The Williams Lake fire hall buzzed with activity on Saturday, June 18 as local firefighters from the Williams Lake Fire Department hosted their annual open house.
Hundreds of residents of all ages checked out the scene both inside and outside the hall, including all the flashing fire trucks on display. Children pretended to drive the trucks and scrambled through the obstacle course to do a faux fire drill by crawling through a tube and spraying a hose at a toy house painted with flames on it.
Multiple emergency services were present, including the Wildwood Fire Department, BC Emergency Health Services, Central Cariboo Search and Rescue (CCSAR) and BC Conservation officers to name a few.
At one booth, firefighters Kris Wilk and co-firefighter, Cory Holm demonstrated how to put on their protective gear.
“When we’re called out to a fire,” said Holm, “we literally have two minutes or less to put on our gear.”
Other activities occurred throughout the day, including a barbecue where parents enjoyed burgers while watching their children squeal and jump in the bouncy castle. Others made a splash with the dunk tank.
“We came here for the fire trucks,” said Katie Smith, who brought her children to the open house.
Williams Lake Fire Department supports various causes, including Fill the Boot, which seeks to find a cure for Muscular Dystrophy and provides supportive equipment like wheelchairs.
“It started in 1954 when an American firefighter’s child was diagnosed with MD,” said firefighter Dereck Sulentuch.
MD is a rare neuromuscular disease that weakens muscles. Currently there is no cure, but researchers are learning more about the disease to develop successful treatments.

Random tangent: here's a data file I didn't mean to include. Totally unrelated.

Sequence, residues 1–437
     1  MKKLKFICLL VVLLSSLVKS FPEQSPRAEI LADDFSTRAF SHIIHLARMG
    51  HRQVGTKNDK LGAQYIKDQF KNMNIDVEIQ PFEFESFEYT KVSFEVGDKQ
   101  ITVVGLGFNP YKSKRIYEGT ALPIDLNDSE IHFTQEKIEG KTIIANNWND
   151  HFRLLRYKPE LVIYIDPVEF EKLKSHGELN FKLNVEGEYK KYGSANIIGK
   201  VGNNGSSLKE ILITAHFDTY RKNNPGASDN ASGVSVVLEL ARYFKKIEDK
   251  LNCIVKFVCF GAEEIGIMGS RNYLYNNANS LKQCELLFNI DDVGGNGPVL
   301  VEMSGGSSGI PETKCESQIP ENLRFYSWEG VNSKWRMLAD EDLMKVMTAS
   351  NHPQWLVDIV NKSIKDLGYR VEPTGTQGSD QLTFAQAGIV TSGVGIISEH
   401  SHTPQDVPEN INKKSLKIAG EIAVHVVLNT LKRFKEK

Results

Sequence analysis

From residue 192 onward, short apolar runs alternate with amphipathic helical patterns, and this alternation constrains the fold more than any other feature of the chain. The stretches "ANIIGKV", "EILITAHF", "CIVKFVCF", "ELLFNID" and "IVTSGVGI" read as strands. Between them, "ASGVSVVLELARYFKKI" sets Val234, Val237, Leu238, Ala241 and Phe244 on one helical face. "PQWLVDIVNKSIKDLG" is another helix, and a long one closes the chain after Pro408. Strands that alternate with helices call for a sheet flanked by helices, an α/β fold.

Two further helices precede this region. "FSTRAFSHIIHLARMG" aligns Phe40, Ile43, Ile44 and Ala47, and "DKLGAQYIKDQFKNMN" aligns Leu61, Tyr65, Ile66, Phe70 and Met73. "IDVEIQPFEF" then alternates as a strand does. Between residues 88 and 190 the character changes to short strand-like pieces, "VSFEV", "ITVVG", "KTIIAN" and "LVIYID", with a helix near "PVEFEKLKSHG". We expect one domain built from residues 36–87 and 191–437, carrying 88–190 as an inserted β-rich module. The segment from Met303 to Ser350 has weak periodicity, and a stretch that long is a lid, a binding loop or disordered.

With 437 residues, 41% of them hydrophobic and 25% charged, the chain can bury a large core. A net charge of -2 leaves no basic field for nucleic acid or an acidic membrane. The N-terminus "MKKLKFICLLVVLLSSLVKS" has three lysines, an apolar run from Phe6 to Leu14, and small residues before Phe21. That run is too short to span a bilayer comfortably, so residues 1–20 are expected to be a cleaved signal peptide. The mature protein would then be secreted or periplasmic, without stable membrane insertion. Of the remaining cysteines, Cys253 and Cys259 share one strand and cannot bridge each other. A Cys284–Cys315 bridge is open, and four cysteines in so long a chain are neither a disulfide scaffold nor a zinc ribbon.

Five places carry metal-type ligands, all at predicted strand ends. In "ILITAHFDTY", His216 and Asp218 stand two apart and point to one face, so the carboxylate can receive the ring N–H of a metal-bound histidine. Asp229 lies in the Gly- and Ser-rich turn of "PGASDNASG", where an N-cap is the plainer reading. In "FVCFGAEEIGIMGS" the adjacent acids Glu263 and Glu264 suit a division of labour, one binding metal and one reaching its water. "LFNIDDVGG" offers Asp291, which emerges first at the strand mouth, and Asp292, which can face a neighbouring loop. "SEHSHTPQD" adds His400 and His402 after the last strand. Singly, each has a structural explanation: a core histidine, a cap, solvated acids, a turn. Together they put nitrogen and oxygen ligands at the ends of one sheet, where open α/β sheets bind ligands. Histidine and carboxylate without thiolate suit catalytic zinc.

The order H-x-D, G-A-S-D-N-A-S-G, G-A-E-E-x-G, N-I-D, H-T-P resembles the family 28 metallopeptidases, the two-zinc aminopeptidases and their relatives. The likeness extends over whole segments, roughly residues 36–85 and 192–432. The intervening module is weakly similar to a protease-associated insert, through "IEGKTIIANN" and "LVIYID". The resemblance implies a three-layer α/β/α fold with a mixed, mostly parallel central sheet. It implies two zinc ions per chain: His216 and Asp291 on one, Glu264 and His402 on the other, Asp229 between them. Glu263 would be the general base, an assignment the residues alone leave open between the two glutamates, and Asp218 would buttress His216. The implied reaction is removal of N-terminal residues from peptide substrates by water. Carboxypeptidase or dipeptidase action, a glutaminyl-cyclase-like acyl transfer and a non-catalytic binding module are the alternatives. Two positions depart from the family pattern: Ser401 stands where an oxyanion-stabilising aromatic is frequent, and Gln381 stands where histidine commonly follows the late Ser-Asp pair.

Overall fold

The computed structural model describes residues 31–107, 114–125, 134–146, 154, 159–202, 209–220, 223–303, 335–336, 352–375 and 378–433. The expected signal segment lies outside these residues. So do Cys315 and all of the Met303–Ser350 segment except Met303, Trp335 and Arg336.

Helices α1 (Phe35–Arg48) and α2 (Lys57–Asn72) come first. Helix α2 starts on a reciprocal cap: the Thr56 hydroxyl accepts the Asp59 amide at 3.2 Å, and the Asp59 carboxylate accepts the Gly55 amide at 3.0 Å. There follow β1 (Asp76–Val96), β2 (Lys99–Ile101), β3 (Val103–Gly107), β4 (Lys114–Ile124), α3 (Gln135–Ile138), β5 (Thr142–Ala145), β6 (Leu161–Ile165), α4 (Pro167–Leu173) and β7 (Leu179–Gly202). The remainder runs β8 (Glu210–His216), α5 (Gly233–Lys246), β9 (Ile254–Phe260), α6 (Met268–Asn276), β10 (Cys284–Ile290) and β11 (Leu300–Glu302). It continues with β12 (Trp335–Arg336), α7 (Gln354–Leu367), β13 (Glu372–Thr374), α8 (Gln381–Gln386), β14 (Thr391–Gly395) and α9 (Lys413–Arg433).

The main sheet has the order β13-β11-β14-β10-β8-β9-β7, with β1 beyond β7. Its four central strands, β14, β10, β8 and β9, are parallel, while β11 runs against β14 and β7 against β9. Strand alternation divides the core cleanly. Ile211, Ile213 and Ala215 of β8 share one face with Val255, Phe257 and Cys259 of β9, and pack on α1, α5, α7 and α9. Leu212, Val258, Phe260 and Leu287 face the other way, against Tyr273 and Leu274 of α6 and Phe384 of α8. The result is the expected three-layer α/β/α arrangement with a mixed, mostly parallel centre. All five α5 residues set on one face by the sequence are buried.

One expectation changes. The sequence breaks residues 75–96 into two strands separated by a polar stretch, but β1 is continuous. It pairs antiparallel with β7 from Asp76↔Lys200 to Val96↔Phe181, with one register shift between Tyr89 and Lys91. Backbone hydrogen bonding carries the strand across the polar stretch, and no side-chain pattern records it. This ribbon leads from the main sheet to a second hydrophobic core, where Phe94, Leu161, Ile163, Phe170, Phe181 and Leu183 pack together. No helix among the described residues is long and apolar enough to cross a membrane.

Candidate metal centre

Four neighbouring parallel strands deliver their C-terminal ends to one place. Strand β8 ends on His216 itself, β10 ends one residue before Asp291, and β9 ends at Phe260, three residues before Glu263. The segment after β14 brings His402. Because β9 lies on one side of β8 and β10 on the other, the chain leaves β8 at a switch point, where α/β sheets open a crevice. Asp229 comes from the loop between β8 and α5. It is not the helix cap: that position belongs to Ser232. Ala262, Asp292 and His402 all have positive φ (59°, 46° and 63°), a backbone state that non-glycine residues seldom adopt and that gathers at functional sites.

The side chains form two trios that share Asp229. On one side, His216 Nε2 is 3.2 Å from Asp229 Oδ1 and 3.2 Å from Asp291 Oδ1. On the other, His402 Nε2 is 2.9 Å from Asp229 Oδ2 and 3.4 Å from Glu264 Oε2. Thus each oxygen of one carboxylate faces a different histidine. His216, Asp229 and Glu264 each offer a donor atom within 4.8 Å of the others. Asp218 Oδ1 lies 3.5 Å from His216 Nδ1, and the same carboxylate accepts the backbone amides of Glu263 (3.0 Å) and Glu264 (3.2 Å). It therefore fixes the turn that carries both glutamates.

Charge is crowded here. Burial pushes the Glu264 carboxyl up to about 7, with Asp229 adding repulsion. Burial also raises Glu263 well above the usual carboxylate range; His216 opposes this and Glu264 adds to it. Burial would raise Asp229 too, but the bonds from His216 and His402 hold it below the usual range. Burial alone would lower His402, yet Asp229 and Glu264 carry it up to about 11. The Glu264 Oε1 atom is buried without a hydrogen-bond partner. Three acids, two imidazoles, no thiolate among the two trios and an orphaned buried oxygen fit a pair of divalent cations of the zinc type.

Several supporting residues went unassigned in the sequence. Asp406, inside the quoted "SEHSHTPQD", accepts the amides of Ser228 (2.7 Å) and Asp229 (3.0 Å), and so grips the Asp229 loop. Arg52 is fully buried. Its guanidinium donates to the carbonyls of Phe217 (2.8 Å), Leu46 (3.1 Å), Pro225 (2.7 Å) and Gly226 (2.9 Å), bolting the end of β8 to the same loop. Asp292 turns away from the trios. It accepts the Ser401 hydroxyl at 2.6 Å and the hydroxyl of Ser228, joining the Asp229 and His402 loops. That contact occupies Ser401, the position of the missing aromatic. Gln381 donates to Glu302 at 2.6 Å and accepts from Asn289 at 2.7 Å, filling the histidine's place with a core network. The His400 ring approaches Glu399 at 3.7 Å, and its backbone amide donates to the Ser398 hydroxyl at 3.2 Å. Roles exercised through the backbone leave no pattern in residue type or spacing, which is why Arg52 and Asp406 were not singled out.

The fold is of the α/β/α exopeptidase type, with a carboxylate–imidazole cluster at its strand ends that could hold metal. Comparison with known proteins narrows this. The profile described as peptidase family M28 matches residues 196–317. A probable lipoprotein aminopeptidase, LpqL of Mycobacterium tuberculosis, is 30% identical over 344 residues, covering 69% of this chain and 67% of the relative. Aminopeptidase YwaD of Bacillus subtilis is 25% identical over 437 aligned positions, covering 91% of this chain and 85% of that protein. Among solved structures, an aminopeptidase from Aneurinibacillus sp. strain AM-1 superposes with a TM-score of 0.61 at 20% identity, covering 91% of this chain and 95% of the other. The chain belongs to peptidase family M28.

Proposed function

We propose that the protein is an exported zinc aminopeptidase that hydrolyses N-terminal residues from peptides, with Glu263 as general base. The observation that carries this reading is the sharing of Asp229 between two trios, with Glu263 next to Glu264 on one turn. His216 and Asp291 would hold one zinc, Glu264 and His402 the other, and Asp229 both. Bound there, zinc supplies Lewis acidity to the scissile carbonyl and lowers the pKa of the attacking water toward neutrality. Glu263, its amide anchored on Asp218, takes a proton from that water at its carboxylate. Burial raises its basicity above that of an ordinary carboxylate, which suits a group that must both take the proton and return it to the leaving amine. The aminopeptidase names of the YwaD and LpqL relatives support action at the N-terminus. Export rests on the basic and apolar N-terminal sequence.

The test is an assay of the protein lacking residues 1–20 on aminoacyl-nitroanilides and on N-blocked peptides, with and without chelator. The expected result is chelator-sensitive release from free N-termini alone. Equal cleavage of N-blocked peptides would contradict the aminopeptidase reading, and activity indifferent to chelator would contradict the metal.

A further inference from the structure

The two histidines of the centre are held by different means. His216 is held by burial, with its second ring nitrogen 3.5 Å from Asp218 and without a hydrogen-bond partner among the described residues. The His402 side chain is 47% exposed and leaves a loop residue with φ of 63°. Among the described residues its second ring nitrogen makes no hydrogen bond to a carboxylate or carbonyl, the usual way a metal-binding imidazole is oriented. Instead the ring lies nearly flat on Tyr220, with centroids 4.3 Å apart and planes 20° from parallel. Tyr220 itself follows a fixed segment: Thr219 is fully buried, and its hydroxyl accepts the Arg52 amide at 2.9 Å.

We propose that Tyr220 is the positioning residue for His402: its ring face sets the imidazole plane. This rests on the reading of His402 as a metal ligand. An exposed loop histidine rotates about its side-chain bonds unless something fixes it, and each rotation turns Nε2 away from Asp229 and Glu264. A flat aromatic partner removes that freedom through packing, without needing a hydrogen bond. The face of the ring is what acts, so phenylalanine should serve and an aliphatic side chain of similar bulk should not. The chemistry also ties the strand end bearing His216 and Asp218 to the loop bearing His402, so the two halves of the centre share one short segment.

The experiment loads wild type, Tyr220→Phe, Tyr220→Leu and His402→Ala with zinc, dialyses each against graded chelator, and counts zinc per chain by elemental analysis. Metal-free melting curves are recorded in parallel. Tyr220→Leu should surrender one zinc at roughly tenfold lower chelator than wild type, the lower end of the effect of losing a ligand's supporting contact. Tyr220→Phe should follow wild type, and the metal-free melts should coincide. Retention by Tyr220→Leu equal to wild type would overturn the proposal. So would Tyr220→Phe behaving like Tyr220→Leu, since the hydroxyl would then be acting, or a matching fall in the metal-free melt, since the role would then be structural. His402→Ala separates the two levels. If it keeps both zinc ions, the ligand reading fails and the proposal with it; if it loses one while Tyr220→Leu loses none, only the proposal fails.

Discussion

According to Health Partners Canada, MD affects 50,000 Canadians. HPC is a collaboration of many of Canada’s most trusted charities such as the Canadian Cancer Society, The Heart and Stroke Foundation and Muscular Dystrophy Canada. To donate, you can go to the Muscular Dystrophy Canada website and search online for Fill the Boot Canada or follow this link: https://muscle.ca/take-action/fire-fighters/.
People like Twyla Bortolussi and her partner, Kevin Wray came to the open house to show their support. Bortolussi’s daughter is a member of CCSAR.
“I’m really proud of my children and like to be there for them as much as possible,” said Bortolussi.
Bortolussi’s daughter, Debra Bortolussi, has been with CCSAR for six years. “I love being part of what feels like a big family and making a difference in people’s lives’,” she said.
CCSAR members are also capable of operating the Jaws of Life in the event of a serious vehicle accident. They demonstrated to the crowd the Jaw’s power by ripping off the roof and doors of an old vehicle and busting its windows.
For the grand finale, firefighters competed against one another for the fastest time in a training drill where they worked through a series of challenges including pretending to put out a fire and “rescuing” a human-weighted mannequin.
The day’s events were organized by Kayla Topping, who has been with the WLFD for the past three years.